That time I examined a girl’s ocular fundus and found that she had both of her optic nerves grotesquesly swollen. I told her she had a brain tumor. She got a CT scan done, and there it was: a brain tumor the size of a softball. I don’t know how could she still be alive.
40yo female with hemoglobin of 2.3. Normal hemoglobin is 12-15 for females.
Thought it was lab error – it was 2.1 on repeat.
Chief complaint – shortness of breath.
Bleeding from heavy periods.
Transfused, given medication to stop her bleeding, discharged alive and well.
The human body is fascinating.
My dad’s a doctor. When he was an intern in the ER, someone walked in the front door with a kitchen knife sticking out between his eyes to the handle. The knife went through his sinus cavity and ended with the tip in his throat, millimeters from his brain stem. He goes into surgery and walks out of the ICU the next day. My dad says he is the luckiest man he ever saw.
Edit: He was stabbed by his mother while she was drunk, and he apparently drove himself to the hospital.
My dad is a heart surgeon and he told me this story. Guy comes in during his residency with a bullet in his heart. Pretty tricky for a new resident, but he successfully gets the bullet out and saves he guy.
Fast forward ~10-15 years. Same guy comes in again with a bullet in his heart. Dad gets the bullet out and repairs the wound. Guy lives again.
Dad jokingly suggests he try not to get shot again. The patient tells my dad, “tell that to my wife.”
Not a doctor, but it happened to me. I was at uni years ago when I felt a slight pinch, thought it was a trapped nerve from sitting too long so I got up and had a walk around. Fast forward 2 weeks and I’ve been getting short of breath at uni since then, a fellow student tells me I should really go to the hospital. And that’s when I found out I’d been going to university for 2 weeks with a collapsed lung.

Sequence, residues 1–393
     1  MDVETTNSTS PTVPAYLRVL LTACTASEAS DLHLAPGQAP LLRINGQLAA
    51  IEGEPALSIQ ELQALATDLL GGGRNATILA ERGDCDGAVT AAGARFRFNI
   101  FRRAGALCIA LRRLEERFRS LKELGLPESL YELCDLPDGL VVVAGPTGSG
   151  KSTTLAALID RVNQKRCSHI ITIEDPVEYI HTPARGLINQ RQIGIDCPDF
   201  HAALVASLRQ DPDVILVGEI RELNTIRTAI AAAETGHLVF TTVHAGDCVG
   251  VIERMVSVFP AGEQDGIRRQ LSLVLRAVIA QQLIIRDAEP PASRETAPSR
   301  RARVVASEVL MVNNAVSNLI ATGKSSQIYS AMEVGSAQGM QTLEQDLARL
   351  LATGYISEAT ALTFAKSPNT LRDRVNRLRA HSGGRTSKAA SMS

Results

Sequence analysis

I drank a liter of vodka in about 2 hours. I weighed ~140lbs at the time. I woke up in the hospital on an IV bag with no memory of the events of the previous day (other than my first several shots).
They told me I should be dead and were astounded that I even woke up
Edit: Sorry. Not a doctor
Image Credit: depositphotos.com
I’m a CNA and a medtech, and the story is my father:
when diagnosed with T1 diabetes, Dad’s blood sugar was over 900. He drove himself into the hospital, more or less fine with his sugar taken into consideration, just complaining of “not feeling well.” Doctor came in, explained as he shot dad up with insulin and scheduled bloodwork and stuff for his kidneys, and said, “Mr. Kat’s Dad, you’re the best looking man dead man I’ve ever seen!”
Similarly, when Daddy tanked a few years ago, sugar at 9, (yes… NINE) pulse ox in the low 70s. He lived. On O2 now, recently diagnosed with stage 1 lung cancer, gave it the finger, and it’s shrunk.
He rolled a Nat 20 to intimidation, I figure.
The average human has around 8 pints of blood in their system.
My uncle is not an average human, he was 6 ft 5, built like a brick wall.
He passed out, ambulance took him to the hospital. Turns out he had a nasty ulcer that had been bleeding into his stomach for who knows how long. It took them 4 hours to get a blood transfusion going. Not because he had a rare blood type or anything like that, but because they estimate he had less than 2 pints of blood left in his veins and they had to keep pumping him full of saline to keep his blood vessels open long enough to get some blood, any blood into him.
Not me, but my aunt have a detached placenta during her pregnancy, and started bleeding so much that you could hear the blood splashing on the ground.
She wanted to take a shower before going to the hospital, but my uncle dragged her straight to the ER, and she delivered. Doctors told them that in that kind of cases, the usual is that either the mom, the child or both will die, and here both survived.
We hada 7 Year old boy came in with acute painless loss of vision in his right eye. An MRI of his head and neck were preformed which showed a complete occlusion of his right internal carotid artery. This artery is EXTREMELY important and provides up to 30% of blood to the brain overall and usually up to 80% for right hemisphere.
We are all freaking out looking at this image mean while the kid is playing operation and saying his blurriness is getting better.
Turns out the kid just had amazing collateral circulation and was able to compensate one of the brains MAJOR arteries completely shutting down without any deficits/stroke or impairments besides what is (hopefully) a temporary insult to his retina.
Our theory is he got an artery dissection while riding a roller coster on six flags which eventually just collapsed leading to a small hemorrhage making its way up to the ophthalmic artery.
Absolutely amazing from a neuro nerd perspective.